L.A. County Moviegoer Arrested for Recording 3 Minutes of 'The Devil Inside' on Cellphone
Low-budget horror film "The Devil Inside" made a killing (har har) on its opening weekend: $34.5 million. But that didn't stop employees at the AMC Santa Anita 16 from tattling on a man who whipped out his cellphone cam at the movie's midnight premiere.
Arcadia police showed up to the small-town Valley theater just after 1:30 a.m., where they cuffed 29-year-old Michael Johnson for violation of California's film piracy law.
Though Johnson told cops that "he was taking the footage for his wife who was home sick" ...
... according to the San Gabriel Valley Tribune, the three minutes of evidence they found on his cellphone was a clear violation of the California Penal Code.
The law "doesn't make any type of distinction for how long they record," says Mike Castro, watch commander for the Arcadia Police Department.
So "technically, you could record for one second," and you'd still be breaking the law.
Johnson was released that same morning after posting $2,500 bail. But he could end up with a $5,000 fine and a maximum sentence of one year in county jail under Penal Code § 653z(a), which prohibits the use of any...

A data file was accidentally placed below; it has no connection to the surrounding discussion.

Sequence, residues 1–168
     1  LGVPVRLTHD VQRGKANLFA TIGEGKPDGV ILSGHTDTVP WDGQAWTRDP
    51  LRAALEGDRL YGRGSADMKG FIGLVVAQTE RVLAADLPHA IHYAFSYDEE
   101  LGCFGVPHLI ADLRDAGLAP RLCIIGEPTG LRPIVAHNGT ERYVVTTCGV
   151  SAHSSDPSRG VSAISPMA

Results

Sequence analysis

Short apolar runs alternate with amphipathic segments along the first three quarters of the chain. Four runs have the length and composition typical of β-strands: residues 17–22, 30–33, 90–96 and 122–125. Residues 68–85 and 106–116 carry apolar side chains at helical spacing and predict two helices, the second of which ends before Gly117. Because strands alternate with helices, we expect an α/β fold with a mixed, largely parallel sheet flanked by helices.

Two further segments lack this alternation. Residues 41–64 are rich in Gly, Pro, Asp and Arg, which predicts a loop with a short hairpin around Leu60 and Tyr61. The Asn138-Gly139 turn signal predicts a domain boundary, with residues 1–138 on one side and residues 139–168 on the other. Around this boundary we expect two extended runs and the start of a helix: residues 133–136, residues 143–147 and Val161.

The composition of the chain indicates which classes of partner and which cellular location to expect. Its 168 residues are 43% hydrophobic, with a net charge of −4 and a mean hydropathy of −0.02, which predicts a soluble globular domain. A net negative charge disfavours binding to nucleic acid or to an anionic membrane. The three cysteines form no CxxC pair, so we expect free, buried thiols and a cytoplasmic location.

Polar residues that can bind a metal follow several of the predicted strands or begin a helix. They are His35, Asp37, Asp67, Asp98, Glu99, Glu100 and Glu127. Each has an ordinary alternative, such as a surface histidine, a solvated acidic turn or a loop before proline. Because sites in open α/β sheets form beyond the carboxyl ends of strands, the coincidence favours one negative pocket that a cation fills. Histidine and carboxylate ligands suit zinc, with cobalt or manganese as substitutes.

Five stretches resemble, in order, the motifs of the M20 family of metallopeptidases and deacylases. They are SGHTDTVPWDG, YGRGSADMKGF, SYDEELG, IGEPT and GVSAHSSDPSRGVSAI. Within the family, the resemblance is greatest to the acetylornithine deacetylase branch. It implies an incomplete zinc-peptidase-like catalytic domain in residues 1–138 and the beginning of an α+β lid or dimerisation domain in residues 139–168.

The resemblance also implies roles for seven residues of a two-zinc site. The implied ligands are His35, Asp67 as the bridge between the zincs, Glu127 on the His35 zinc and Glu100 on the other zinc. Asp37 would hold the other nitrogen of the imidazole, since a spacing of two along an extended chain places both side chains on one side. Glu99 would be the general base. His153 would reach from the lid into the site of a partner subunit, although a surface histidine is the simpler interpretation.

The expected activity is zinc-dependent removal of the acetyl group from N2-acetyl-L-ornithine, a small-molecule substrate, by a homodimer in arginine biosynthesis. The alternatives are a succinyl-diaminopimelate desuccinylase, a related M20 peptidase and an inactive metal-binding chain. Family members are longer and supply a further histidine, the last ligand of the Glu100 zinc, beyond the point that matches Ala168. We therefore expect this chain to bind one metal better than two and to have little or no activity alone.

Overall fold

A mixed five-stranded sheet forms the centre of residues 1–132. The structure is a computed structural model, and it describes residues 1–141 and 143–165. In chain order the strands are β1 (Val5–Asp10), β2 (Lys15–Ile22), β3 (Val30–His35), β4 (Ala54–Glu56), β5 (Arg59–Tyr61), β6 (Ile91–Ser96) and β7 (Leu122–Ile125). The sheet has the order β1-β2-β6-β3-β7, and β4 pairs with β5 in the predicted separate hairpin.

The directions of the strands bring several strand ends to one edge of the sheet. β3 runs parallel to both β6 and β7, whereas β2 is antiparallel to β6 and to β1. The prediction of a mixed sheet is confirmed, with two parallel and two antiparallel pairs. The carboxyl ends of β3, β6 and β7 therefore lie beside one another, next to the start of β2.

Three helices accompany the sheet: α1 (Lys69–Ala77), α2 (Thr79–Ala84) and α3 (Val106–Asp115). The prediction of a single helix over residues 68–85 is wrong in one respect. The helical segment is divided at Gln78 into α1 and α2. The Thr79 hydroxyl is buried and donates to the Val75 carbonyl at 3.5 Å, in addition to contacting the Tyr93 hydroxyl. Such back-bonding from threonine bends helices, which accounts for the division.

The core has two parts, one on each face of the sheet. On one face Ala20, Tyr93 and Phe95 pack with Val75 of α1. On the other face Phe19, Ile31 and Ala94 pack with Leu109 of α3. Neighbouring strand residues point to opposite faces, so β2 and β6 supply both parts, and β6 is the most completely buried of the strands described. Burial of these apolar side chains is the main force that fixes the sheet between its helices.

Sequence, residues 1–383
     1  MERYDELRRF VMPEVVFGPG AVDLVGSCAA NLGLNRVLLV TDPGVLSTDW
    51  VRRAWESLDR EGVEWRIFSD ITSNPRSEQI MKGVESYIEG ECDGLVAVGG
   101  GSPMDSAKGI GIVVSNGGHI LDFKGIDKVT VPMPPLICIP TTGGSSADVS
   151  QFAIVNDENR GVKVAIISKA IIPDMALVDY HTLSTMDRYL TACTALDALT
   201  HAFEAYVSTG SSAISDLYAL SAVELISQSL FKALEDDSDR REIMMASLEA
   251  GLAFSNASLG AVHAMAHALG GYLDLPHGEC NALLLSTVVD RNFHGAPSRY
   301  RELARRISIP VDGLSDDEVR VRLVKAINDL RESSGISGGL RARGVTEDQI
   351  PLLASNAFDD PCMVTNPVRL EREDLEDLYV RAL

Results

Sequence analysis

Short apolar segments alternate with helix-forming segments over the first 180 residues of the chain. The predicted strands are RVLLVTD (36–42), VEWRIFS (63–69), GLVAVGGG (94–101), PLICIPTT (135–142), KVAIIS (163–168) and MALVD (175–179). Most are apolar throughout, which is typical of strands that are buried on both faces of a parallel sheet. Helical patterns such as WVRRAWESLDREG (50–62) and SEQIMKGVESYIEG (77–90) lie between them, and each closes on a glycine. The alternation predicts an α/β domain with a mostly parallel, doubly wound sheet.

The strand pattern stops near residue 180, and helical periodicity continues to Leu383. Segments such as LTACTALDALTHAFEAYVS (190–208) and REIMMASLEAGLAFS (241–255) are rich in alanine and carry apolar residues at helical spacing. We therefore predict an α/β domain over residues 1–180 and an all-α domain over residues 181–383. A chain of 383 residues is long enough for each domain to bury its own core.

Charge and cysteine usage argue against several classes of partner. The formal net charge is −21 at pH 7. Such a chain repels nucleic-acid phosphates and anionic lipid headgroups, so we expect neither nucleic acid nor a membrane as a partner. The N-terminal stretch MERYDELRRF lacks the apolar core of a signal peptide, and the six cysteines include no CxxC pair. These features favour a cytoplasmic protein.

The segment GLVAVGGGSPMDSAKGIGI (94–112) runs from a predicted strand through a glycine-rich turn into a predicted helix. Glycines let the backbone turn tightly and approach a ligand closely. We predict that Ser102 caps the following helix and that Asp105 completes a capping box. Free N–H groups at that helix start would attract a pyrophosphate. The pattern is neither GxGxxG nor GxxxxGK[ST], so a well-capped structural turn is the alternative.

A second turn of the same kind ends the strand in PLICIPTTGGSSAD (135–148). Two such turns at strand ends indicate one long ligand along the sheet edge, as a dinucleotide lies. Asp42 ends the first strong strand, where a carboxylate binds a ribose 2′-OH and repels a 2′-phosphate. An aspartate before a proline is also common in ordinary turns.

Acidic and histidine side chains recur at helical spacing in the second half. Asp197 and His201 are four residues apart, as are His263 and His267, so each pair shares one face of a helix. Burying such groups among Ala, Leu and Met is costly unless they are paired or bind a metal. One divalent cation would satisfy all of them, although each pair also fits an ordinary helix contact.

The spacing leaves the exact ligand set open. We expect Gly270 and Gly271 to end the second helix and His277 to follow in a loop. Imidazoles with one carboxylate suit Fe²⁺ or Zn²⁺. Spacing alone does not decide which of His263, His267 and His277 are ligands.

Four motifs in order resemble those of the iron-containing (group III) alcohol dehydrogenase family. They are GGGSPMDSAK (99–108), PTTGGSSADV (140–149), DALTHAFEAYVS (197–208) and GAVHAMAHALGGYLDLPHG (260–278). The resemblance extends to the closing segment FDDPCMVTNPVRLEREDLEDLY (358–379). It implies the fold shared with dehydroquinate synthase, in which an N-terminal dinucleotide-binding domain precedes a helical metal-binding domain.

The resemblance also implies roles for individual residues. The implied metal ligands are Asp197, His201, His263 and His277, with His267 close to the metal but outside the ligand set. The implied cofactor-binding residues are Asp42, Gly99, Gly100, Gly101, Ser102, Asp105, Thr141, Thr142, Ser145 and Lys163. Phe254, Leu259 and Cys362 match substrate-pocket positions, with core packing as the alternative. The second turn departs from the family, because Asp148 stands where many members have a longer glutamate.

"... recording device in a motion picture theater while a motion picture is being exhibited, for the purpose of recording a theatrical motion picture and without the express written authority of the owner of the motion picture theater..."
Castro says the man's sentence won't necessarily be reduced just because he didn't record for very long, or didn't have intentions to reproduce the footage. "it would all depend on how the judge feels," says the watch commander.
The Friday-morning arrest was new territory for cops in the small town of Arcadia.
"We haven't had a theater until recently. It's only been there a few years," Castro explains. Plus, the law -- which was passed in 2004 -- is "fairly new, because of all the new miniature cameras."
Aw. A learning experience, all around.
Funny thing: "The Devil Inside" kind of looks like it was shot on a cellphone in the first place. Johnson's meta video-of-a-video really takes that shaky "Paranormal Activity" effect to the next level. Maybe he could push the "art over copyright" angle?
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